CHINA QING Dynasty 1 cash 1898-1905 AD GUANG XU TONG BAO Kaifeng mint Henan dot in circle bottom reverse

$25.00

CHINA, QING Dynasty, 1644-1911 AD, 1 cash, no date (1898-1905 AD), Kaifeng mint, Henan, Obverse: GUANG XU TONG BAO, Reverse: BOO HE left-right, dot in circle bottom, brass, 21.5mm, 2.16g, H22.1352v, C11-9.7 variety, crusty, F

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Description

The dot is called “Sun” from a mythical point of view, and denotes yang, male, hot, projective, etc., as the crescent is the “Moon,” and points to yin, female, cool, receptive, etc. SO dot in circle makes sense. On the other hand, some people have told me that the dot might just be sloppy mould stuff, and that might be correct.

During the Guang Xu reign the country and the coinage went through difficult times but the government managed to hold on. European style struck coins were introduced, and the old and new money systems coexisted for several decades.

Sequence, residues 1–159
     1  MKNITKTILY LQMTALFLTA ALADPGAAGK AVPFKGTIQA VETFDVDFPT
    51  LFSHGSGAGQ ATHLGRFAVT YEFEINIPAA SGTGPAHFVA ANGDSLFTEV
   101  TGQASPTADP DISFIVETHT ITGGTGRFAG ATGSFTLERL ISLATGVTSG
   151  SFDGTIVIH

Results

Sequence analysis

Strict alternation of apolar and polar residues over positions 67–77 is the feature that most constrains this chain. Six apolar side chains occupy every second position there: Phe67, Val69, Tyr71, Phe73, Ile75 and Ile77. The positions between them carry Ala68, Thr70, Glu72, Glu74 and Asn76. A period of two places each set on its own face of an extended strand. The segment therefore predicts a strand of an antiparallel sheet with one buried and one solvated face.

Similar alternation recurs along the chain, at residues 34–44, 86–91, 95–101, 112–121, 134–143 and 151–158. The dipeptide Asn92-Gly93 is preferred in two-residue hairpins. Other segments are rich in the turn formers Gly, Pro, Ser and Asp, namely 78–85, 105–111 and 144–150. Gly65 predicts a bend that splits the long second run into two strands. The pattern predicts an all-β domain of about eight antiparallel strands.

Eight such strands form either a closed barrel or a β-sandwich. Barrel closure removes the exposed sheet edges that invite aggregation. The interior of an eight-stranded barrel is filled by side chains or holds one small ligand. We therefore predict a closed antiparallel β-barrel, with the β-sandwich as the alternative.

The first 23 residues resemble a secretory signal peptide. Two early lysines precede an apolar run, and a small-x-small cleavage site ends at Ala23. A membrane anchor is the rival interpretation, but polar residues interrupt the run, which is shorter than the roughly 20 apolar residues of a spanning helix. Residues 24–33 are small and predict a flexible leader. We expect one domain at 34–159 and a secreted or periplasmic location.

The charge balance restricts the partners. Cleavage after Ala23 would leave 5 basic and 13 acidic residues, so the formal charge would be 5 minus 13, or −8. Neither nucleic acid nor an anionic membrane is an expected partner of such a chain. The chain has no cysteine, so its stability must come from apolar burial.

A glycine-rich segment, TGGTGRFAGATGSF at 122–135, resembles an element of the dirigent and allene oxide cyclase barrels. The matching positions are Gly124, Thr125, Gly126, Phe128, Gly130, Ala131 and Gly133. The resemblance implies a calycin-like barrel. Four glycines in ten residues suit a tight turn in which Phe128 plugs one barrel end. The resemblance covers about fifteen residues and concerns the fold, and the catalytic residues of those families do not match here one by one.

A rebel took Beijing and the last Ming Emperor committed suicide. A Ming loyalist general invited the Manchus into China to aid the Ming heir but instead they proceeded to conquer the country in what some think produced more casualties than any previous war. The Qing Dynasty promoted culture and the economy flourished until the Europeans arrived with their Industrial Revolution and opium.

The oldest Chinese coins are at least as old as the earliest Greek coins. The Chinese coinage system differed from other systems in two ways. It was monometallic, only bronze coins circulated in general commerce. Gold and silver were treated as commodities. And the manufacturing method was by casting in moulds rather than by striking heated solid planchets. The main reference I use in attributing and describing these coins is the book: Chinese Cast Coins, by David Hartill.